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In entering upon this course of lectures, there is one impression against which I wish to guard at the outset. It is, that I come here to defend Christianity, as if its truth were a matter of doubt. Not so. I come, not to dispute, but to exhibit truth; to do my part in a great work, which must be done for every generation, by showing them, so that they shall see for themselves, the grounds on which their belief in the Christian religion rests. I come to stand at the door of the temple of Truth, and ask you to go in with me, and see for yourselves the foundation and the shafts of those pillars upon which its dome is reared. I ask you, in the words of one of old, to walk with me about our Zion, and go round about her, to tell the towers thereof, to mark well her bulwarks, to consider her palaces, that ye may tell it to the generation following.*

• Psalm xlviii. 12, 13.

In doing this, I shall hope to be useful to three classes of persons.

To the first belong those who have received Christianity by acquiescence; who have, perhaps, never questioned its truth, but who have never examined its evidence. This class is large, - it is to be feared increasingly so, — and it does not seem to me that the position of mind in which they are placed, and its consequences, are sufficiently regarded.

The claims of the Christian religion present themselves to those who enter upon life in a Christian country, in an attitude entirely different from that in which they were presented at their first announcement, when they made such rapid progress, and when their dominion over the mind of man was so efficient.* Then, no man was born a Christian. If he became one, it was in opposition to the prejudices of education, to ties of kindred, to motives of interest, and often at the sacrifice of reputation and of life. This no man would do except on the ground of the strongest reasons, perceived and assented to by his own mind. Christianity was an aggressive and an uncompromising religion. It attacked every other form of religion, whether Jewish or pagan, and sought to destroy it. It “ turned the world upside down" wherever it came; and the first question which any man would naturally ask was, “What are its claims ? What are the reasons why I should receive it?" And these claims and reasons would be examined with all the attention that could be produced by the stimulus of novelty, and by the deepest personal interest.

See Whately's Logic, Appendix, p. 325.

Now, however, all this is changed. Men are born nominally Christians. The truth of the religion is taken for granted; nothing leads them to question it, nothing to examine it. In this position the mind may open itself to the reception of the religion from a perception of its intrinsic excellence, and its adaptation to the deep wants of man; but the probability is that doubts will arise. The occasions of these are abundant on every hand; the strange state in which the world is; the number of sects; the conduct of Christians ; a companion that ridicules religion ; an infidel book. One objection and doubt makes way for another. The objections come first, and, ere the individual is aware, his respect for religion, and his confidence in it, are undermined. Especially will this be so if a young man travels much, and sees different forms of religion. He will see the Hindoo bowing before his idol, the Turk praying towards Mecca, the Papist kneeling before his saint, and the Protestant attending his church; and, as each seems equally sincere, and equally certain he is right, he will acquire, insensibly perhaps, a general impression that all religions are equally true, or, which is much the same thing, that they are equally false, and any exclusive attachment to the Christian religion will be regarded as bigotry. The religion itself will come to be disliked as a restraint, and despised as a form. It is chiefly from this class that the ranks of fanaticism, on the one hand, and of infidelity, on the other, are filled; and it will often depend on constitutional temperament, or accidental temptation, whether such a one shall become a fanatic or an infidel.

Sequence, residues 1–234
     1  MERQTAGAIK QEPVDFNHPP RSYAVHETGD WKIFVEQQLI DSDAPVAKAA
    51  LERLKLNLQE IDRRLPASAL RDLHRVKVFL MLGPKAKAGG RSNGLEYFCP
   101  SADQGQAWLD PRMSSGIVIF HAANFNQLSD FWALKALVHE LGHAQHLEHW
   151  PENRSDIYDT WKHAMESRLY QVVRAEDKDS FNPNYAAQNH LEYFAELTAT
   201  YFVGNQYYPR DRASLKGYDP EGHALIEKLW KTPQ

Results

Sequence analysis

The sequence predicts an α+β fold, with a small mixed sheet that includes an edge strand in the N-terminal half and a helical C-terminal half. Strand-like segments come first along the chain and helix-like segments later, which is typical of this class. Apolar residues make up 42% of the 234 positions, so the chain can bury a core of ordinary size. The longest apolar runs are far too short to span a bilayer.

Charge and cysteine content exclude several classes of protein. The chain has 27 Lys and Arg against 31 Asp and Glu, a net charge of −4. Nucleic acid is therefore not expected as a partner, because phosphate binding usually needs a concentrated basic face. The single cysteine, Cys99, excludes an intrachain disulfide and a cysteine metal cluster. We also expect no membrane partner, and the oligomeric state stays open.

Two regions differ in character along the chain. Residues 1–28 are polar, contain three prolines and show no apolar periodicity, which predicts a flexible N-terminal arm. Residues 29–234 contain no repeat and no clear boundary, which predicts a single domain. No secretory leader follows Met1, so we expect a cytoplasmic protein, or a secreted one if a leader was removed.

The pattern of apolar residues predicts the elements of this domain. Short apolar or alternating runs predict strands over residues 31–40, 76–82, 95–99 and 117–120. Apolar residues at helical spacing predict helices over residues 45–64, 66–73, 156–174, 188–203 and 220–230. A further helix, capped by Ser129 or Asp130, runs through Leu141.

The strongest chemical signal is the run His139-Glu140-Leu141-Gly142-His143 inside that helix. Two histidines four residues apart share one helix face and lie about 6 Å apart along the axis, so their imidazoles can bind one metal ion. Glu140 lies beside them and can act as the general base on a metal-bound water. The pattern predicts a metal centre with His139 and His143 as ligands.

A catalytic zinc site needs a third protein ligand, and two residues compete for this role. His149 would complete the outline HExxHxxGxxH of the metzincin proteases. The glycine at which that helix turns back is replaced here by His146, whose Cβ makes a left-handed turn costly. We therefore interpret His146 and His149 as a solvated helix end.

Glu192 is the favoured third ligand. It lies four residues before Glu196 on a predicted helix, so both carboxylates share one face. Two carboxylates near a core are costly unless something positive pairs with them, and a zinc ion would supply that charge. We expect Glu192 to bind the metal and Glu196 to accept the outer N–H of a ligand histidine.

At this point, there is doubtless a fault both in

Christian parents and in Christian ministers. Where there is a proper course of training, this class can never become numerous; but it is numerous in all our congregations now. Needless doubts are not to be awakened, but it is no honor to the Christian religion to receive it by prescription. It is no fault to have those questionings, that desire for insight, - call them doubts if you will, — which always spring up in strong minds, and which will not be quieted till the ground and evidence of those things which they receive are distinctly seen.

Are there such among my hearers ? Them I hope to benefit. I hope to do for them what Luke did for the most excellent Theophilus — to show them the “ certaintyof those things in which they have been instructed; to refer them, as he does again the same person in the Acts, to those 6 infallible proofs" on which the religion rests.

To the second class whom I hope to benefit belong those who have gradually passed from the preceding class into doubt and infidelity. For such, I think, there is hope. They are not unwilling to see evidence. Their position has led them to look at objections first, and they have, perhaps, never had time or opportunity to look at the embodied evidence for Christianity. They have fallen into infidelity from association, from vanity, from fashion; they have not found in it the satisfaction they expected, and they are willing to review the ground, or rather to look candidly, for the first time, at the evidences for this religion.

Besides this class of infidels, there are, however, two others whom I have very little hope of benefiting. One is of those who are made so by their passions,

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